The Washington Times - April 14, 2011, 01:27PM

Chasing around Alex Ovechkin around a 200-foot by 85-foot sheet of ice can make for a long night in Chinatown.

That was the job – and will continue to be the job – of Rangers defensemen Marc Staal and Dan Girardi, who seem to be out there for just about every shift by Ovechkin, Nicklas Backstrom and Mike Knuble.


At the end of the night, Staal had played 33:48 and Girardi 32:50. Afterward, Ovechkin discussed being able to wear down those defensemen by the time overtime arrived.

“I think in overtime they was a little bit tired and we was fresher,” Ovechkin said. “I think everybody was tired. It’s a game. The put their best D on the ice most of the time. They make mistake, we use it.”

That mistake was a turnover by Staal in the defensive zone that Jason Arnott intercepted and got to Alexander Semin for the game-winner.

Bruce Boudreau downplayed on Thursday the idea that Staal and Girardi were overworked … at least so far.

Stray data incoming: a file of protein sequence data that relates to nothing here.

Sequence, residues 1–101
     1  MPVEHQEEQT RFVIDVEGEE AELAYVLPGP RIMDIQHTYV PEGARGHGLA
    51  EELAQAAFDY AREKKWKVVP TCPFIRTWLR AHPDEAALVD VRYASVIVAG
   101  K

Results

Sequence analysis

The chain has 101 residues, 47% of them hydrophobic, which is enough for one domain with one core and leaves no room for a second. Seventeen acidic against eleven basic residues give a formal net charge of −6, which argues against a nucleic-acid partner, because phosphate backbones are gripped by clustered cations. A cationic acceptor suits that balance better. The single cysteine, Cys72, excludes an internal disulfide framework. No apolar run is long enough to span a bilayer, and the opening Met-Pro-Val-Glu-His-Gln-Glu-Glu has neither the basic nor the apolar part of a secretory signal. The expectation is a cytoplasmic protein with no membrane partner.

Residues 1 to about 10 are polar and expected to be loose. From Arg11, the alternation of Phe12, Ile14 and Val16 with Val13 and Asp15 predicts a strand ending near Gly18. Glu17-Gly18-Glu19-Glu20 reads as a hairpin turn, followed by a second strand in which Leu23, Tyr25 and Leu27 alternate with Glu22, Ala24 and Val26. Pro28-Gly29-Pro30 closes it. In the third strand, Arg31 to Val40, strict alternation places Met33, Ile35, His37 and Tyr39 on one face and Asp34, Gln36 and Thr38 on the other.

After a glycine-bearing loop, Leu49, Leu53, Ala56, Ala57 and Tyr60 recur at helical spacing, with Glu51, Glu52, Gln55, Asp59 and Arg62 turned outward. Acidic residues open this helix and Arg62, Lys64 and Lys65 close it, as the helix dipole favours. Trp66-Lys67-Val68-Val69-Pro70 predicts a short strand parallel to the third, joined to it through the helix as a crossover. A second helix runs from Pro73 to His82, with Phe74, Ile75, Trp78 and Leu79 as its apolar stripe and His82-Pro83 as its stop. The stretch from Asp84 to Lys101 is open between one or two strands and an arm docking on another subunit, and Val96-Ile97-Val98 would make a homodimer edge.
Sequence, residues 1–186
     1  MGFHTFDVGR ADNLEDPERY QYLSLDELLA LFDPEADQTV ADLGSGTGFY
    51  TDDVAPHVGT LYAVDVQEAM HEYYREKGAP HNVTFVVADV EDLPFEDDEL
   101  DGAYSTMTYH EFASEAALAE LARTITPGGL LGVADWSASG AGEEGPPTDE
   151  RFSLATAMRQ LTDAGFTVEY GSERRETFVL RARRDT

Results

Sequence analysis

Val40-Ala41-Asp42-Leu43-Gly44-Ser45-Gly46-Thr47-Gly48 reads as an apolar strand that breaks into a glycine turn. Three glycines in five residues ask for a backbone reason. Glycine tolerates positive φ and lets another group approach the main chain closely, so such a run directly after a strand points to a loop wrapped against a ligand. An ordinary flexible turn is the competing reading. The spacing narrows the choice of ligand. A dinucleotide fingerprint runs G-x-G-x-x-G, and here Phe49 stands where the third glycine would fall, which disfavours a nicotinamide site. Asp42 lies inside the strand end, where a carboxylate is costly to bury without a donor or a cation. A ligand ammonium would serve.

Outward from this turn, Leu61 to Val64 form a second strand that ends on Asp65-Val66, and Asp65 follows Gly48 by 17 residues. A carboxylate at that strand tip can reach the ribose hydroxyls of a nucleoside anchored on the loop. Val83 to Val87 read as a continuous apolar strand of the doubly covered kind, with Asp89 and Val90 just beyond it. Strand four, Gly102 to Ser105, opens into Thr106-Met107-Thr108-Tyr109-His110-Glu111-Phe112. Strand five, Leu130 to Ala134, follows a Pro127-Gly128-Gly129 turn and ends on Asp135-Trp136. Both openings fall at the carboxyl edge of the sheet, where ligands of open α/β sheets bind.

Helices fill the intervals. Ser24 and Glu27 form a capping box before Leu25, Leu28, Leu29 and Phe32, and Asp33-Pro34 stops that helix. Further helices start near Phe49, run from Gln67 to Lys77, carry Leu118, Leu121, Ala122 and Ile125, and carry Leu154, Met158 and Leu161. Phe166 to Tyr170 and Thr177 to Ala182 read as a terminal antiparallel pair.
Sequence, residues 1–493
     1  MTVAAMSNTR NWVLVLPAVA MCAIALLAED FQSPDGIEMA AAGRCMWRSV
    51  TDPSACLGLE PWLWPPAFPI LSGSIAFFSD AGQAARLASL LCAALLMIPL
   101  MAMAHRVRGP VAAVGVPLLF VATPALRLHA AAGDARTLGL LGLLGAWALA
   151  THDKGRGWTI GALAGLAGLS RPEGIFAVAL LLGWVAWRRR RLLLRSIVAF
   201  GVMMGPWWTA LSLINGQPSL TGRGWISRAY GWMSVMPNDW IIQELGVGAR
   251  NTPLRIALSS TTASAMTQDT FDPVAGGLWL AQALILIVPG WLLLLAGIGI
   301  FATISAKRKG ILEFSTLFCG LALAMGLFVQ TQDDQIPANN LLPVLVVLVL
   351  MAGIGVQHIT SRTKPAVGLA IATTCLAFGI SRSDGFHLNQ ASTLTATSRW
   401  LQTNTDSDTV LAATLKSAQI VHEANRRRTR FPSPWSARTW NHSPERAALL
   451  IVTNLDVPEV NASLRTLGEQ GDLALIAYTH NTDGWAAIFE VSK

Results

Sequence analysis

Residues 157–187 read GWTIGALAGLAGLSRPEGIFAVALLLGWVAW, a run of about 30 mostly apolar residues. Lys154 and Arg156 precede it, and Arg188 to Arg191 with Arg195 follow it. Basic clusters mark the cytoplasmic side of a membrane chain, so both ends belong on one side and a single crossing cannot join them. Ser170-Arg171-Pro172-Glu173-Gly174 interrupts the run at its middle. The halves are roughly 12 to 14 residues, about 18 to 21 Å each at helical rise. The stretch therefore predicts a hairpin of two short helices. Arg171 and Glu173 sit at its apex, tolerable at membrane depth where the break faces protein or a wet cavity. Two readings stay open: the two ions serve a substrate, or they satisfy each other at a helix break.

“When you’re always watching the Girardi-Staal tandem, they’re 25-26 minutes on a regular night,” he said, “and they were on that same weight last night, except we played in overtime so they played more.”

But that doesn’t mean their life is easy. Especially if the Marco Sturm-Arnott-Semin line is clicking. Then, Rangers coach John Tortorella has to play a chess game. Boudreau said it’s easy for opponents to match defensive pairs – even though the home team gets the last change.

With a second line posing a threat, though, that might even open up some ice the rest of the series for Ovechkin.

“What Alex Semin gives us if he’s playing the way he’s capable of, he gives you two lines that makes it difficult – which line do you put your best defensive pair against?” Boudreau said.

Now it’s Tortorella’s move.